X-Men has always been inclusive and from the reboot in the 60's, led the way in comic books for diversity. Hell, in the Ultimate Universe reboot, they made Colossus gay!

    The movies don't reflect the 'racial' diversity nearly as well as the entire published comic book history of the X-Men and related books but you still ignore Storm and some of the students at the school. If you add X-Men: First Class, they included a black hero then too. So did X-Men Origins: Wolverine. Given the limited time the movies have to tell a story, you seem to be expecting a hell of a lot.

    Maybe it is my geekhood, maybe it is just me appreciating what I actually see but I have loved both the books and the movies for what they

    Posted by: Lael | Feb 27, 2014 11:36:29 AM


  5. Bullsh*t ANON! X-Men has Storm and Bishop who are black. They have had Asian members such as Sunfire and Karma, Latino members such as Sunspot and Rictor, Native American members such as Thunderbird and Mirage and Forge. Kitty Pryde was Jewish, Storm pagan, Nightcrawler Catholic, Colossus atheist. Hell, Nightcrawler and Beast are freaking BLUE!

    X-Men has always been inclusive and from the reboot in the 60's, led the way in comic books for diversity. Hell, in the Ultimate Universe reboot, they made Colossus gay!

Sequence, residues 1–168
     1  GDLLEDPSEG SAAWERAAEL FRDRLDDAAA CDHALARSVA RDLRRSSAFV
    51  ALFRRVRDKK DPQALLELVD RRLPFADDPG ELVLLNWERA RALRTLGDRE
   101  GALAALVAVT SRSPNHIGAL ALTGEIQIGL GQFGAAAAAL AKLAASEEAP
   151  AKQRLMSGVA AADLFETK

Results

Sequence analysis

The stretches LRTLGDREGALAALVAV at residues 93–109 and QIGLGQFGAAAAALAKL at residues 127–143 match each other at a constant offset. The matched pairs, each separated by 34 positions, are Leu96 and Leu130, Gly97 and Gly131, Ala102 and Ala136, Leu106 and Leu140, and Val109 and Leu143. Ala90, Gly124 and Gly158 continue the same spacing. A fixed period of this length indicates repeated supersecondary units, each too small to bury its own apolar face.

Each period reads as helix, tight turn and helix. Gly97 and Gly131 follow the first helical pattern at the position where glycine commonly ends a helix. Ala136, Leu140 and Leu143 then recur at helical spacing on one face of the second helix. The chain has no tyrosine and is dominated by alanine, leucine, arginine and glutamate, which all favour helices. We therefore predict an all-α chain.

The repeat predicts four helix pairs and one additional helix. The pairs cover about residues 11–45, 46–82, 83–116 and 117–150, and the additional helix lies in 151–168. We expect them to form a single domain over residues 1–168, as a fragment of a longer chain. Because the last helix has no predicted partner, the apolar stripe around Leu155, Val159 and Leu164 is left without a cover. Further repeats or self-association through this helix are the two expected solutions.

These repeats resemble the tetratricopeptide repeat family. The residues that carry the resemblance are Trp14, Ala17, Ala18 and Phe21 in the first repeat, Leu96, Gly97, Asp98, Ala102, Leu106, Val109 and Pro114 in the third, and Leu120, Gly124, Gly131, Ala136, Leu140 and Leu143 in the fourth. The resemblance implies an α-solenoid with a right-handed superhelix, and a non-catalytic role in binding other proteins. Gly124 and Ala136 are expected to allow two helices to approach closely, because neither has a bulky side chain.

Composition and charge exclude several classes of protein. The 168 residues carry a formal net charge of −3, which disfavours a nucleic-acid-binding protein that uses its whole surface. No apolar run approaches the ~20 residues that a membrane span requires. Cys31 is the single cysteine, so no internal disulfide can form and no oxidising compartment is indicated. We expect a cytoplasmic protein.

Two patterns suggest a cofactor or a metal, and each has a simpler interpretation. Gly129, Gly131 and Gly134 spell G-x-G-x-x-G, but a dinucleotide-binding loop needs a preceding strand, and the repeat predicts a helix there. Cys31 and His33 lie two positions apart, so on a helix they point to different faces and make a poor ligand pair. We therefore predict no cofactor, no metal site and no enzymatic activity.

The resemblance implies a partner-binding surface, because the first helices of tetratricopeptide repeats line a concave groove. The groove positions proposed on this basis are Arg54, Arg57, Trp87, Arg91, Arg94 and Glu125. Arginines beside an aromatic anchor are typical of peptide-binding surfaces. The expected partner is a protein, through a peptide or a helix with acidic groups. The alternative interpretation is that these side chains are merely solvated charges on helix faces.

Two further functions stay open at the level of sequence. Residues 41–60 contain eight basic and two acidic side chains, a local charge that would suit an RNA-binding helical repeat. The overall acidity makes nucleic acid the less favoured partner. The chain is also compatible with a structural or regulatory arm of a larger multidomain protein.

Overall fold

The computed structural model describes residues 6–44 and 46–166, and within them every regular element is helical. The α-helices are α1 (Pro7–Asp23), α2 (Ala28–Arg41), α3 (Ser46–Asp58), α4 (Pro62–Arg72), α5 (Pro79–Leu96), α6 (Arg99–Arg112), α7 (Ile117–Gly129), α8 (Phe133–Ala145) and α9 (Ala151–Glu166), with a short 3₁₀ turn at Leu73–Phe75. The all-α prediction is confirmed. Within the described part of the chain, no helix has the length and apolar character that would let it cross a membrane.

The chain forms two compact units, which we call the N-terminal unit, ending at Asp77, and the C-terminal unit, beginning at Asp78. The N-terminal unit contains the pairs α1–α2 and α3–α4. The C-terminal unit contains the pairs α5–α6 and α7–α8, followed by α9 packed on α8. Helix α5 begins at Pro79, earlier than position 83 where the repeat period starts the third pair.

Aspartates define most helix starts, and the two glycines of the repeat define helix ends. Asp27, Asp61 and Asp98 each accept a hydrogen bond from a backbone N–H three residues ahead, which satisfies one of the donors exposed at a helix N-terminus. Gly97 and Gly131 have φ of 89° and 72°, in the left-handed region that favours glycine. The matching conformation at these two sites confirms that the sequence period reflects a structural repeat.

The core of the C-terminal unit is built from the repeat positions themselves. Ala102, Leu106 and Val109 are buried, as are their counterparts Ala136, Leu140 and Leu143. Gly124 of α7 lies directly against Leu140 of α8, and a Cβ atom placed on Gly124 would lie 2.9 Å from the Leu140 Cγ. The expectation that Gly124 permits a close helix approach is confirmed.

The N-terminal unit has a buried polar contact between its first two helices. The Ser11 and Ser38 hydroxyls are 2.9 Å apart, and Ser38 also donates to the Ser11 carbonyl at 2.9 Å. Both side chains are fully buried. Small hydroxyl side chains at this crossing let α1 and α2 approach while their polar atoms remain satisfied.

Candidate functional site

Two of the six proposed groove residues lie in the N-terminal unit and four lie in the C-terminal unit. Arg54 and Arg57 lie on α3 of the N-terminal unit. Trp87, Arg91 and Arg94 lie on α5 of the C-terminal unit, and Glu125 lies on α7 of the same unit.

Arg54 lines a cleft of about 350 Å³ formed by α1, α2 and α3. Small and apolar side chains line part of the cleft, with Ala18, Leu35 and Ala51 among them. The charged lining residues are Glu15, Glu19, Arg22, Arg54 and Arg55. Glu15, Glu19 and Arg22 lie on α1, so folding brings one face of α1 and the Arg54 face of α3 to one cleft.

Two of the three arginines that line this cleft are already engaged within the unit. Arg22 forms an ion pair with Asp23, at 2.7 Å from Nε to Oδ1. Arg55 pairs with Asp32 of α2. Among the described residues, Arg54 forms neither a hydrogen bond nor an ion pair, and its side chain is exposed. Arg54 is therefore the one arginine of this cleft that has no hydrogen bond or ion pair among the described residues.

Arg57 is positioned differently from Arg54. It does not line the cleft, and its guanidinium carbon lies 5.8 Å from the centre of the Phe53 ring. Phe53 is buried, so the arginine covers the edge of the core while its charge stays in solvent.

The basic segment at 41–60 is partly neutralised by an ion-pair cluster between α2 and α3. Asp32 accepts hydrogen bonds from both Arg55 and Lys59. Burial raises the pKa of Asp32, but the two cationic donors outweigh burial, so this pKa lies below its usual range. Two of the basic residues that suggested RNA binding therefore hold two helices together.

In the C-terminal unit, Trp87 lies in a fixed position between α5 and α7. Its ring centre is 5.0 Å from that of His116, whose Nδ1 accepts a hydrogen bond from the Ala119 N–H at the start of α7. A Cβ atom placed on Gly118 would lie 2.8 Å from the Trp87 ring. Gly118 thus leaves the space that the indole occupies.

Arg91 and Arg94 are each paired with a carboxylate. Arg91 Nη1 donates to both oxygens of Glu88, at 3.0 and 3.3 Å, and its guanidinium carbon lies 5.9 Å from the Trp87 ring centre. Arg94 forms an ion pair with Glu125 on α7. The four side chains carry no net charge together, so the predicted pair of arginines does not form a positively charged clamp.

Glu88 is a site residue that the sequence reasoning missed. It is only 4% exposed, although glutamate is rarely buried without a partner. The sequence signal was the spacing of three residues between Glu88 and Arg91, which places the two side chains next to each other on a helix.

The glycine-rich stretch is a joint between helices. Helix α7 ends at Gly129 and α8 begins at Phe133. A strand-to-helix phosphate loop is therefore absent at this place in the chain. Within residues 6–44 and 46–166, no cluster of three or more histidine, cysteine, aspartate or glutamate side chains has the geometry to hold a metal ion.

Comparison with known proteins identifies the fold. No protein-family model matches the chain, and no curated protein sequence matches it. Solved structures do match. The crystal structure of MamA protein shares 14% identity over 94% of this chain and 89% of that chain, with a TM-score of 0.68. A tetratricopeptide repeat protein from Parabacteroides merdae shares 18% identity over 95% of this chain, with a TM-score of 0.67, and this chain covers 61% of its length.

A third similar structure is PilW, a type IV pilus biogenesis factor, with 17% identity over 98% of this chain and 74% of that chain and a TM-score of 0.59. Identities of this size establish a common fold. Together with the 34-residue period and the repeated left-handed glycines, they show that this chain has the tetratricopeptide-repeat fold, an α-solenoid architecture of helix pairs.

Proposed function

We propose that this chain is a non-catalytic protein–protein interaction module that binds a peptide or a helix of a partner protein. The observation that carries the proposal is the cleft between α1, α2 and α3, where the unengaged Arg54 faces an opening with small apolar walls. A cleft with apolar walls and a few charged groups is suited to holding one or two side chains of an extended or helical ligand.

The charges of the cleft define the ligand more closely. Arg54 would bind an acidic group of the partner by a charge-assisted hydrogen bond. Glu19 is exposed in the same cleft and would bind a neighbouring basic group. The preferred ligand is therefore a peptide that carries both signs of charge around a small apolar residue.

The movies don't reflect the 'racial' diversity nearly as well as the entire published comic book history of the X-Men and related books but you still ignore Storm and some of the students at the school. If you add X-Men: First Class, they included a black hero then too. So did X-Men Origins: Wolverine. Given the limited time the movies have to tell a story, you seem to be expecting a hell of a lot.

    Maybe it is my geekhood, maybe it is just me appreciating what I actually see but I have loved both the books and the movies for what they

    Posted by: Lael | Feb 27, 2014 11:36:29 AM


  6. ... are. They celebrate diversity and challenge all forms of discrimination based on nearly anything possible.

    Posted by: Lael | Feb 27, 2014 11:38:14 AM


  7. Looks like Ian totally gets it. I had a feeling that was the main reason behind his choice to play Magneto - that, plus the nice paycheck and getting to work with the equally awesome Patrick Stewart. 8^)

    Posted by: FuryOfFirestorm | Feb 27, 2014 12:17:19 PM


  8. I still like him most for Gods and Monsters. But of course I'll be seeing his X-Men and Hobbit movies this year.

    Posted by: Randy | Feb 27, 2014 2:14:43 PM


  9. Love the X-Men movies! They are my favorite superheroes and I always understood the implicit allegory of civil/gay rights. Can't wait for this next installment and knowing it is back in the hands of out director Bryan Singer.

    Posted by: SpaceCadet | Feb 27, 2014 2:15:27 PM


  10. Anon, that is one of the most ignorant statements that I have read on this blog.

    Posted by: Chitown Kev | Feb 27, 2014 4:05:01 PM